I recently wrote a post reflecting on my first year of cultivating ethical shopping habits, and being on a budget, I learned a lot about how to put my principles into practice in spite of my financial obstacles. Over the past few months, I’ve been sharing my tips and tricks for being budget-savvy while sticking to your principles and supporting an important and worthwhile cause: workers rights around the world. So without further ado, here’s Part 3 of my Ethical Shopping on a Budget Series.
- Take it in steps. Replace your clothes on an as-needed basis. When I first switched to buying only ethical clothing, it was months before I made my first clothing purchase. In the meantime, I was a little discouraged because I felt like I wasn’t accomplishing anything. I couldn’t afford a complete wardrobe overall, which was what I needed to rid my closet of fast fashion brands, and I felt like maybe this lifestyle change I felt so passionately about was nothing but good intentions. When I thought about it logically, however, I recognized that for the fast fashion pieces I owned prior to making the switch, the damage had already been done and that getting rid of all of it was not only financially impractical but wasteful. What I decided to do, and what I think is the most viable option for most people, is to incorporate ethical pieces into my wardrobe on an as-needed basis. Whenever my basic white t-shirt from Target wore out, I replaced it with an ethical one from Les Sublimes. When I needed some business casual clothes for my new job, I picked up a few skirts from a consignment shop. This was not only more financially feasible but also more suited to the slow fashion mantra that less is more.
- Instagram is your friend. When I began to write blog posts about ethical fashion, I would try to promote those posts on Instagram using hashtags that were geared toward conscious consumerism, slow fashion, and sustainability. In using hashtags such as #haulternative or #fashionrevolution, I was able to discover so many small ethical clothing companies. In fact, the majority of brands listed on my Fair Trade Clothing Companies 1 and 2 posts were ones that I discovered through Instagram. As someone who is passionate about learning more about slow fashion and supporting small businesses, this was a win-win.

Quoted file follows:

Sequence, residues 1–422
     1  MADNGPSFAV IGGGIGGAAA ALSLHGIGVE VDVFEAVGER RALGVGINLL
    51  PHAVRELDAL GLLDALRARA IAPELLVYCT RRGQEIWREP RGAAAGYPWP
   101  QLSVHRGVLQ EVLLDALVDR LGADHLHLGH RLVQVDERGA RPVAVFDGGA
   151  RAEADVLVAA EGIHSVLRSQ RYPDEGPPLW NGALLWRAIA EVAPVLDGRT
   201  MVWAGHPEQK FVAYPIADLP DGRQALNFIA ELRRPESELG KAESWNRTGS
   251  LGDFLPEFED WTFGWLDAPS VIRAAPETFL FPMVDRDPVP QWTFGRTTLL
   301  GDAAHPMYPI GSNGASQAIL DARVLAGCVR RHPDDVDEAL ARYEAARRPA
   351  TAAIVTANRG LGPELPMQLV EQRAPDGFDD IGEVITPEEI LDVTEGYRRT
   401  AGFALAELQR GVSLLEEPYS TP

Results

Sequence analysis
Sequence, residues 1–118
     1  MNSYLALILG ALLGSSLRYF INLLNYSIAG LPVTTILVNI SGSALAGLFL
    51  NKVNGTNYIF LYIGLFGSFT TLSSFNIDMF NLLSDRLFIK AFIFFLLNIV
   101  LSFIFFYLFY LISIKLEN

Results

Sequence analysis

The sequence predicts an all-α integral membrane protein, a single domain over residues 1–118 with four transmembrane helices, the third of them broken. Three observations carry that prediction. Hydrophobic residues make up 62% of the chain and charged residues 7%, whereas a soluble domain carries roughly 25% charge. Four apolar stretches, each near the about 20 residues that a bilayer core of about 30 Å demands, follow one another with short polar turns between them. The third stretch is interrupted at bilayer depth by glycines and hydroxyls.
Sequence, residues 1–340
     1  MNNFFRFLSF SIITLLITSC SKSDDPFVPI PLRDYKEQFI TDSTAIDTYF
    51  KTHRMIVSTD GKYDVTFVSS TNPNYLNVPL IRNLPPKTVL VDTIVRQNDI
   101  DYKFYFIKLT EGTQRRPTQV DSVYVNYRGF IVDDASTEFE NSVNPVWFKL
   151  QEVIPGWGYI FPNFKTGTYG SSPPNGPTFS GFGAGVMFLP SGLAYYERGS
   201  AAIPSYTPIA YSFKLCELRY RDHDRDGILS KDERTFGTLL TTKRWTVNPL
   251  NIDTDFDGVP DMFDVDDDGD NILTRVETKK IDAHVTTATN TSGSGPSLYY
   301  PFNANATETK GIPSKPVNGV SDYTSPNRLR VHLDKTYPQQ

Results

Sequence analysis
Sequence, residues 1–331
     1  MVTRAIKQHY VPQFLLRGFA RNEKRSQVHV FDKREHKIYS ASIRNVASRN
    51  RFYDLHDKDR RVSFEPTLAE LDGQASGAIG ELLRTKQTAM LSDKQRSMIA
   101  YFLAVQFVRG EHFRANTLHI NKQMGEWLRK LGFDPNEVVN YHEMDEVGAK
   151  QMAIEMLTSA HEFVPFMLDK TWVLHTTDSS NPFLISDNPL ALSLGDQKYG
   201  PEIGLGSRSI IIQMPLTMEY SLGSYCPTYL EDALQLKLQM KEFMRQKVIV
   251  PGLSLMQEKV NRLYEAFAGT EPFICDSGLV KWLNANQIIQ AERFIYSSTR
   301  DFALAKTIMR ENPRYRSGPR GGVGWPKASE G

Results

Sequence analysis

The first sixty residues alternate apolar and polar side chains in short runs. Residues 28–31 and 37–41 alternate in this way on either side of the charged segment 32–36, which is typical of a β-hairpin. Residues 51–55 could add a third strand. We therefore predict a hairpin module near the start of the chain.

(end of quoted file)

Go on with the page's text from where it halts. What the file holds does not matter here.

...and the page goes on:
- Shop off-season. Though shopping secondhand is a really great way to shop ethically, there are times when you just want to treat yourself to something new, and I understand that that’s not always possible when that Reformation dress you’re eying is $200. For me, the key to shopping from ethical brands, which are understandably more expensive than fast fashion brands, is to wait until the end of the season sales. So I’ll buy winter pieces in the spring and summer and vice versa. My reasoning behind this is that seasonal pieces go on sale when the season is over, but also that brands tend to tack on an additional discount for the end of the season. For example, in Reformation’s end of the year sale, they gave a discount worth 40% off of all items, even sale items. I found a pair of pants in the sale section that were originally $150, but between the original markdown and the extra 40% off, I snagged them for about $40. What I’m getting at here is wait until the end of the season and shoot for the double sale. You’ll some really great deals on high-quality pieces that will last you a while if you do.
For this outfit, I mixed some of my old fast-fashion stuff from years ago with some new-to-me pieces from my latest Etsy purchase. My striped top has been in my closet for years and will remain there until it’s coming apart at the seams. These jeans are my new favorite clothing item. I picked them up from a vintage shop on Etsy, and I’ve been wearing them non-stop. There’s a possibility that I’ll be moving to Paris in September, and if I do, I think this outfit might become my uniform of sorts. It’s very stereotypically Parisian, don’t you think?
How do you shop ethically on a budget?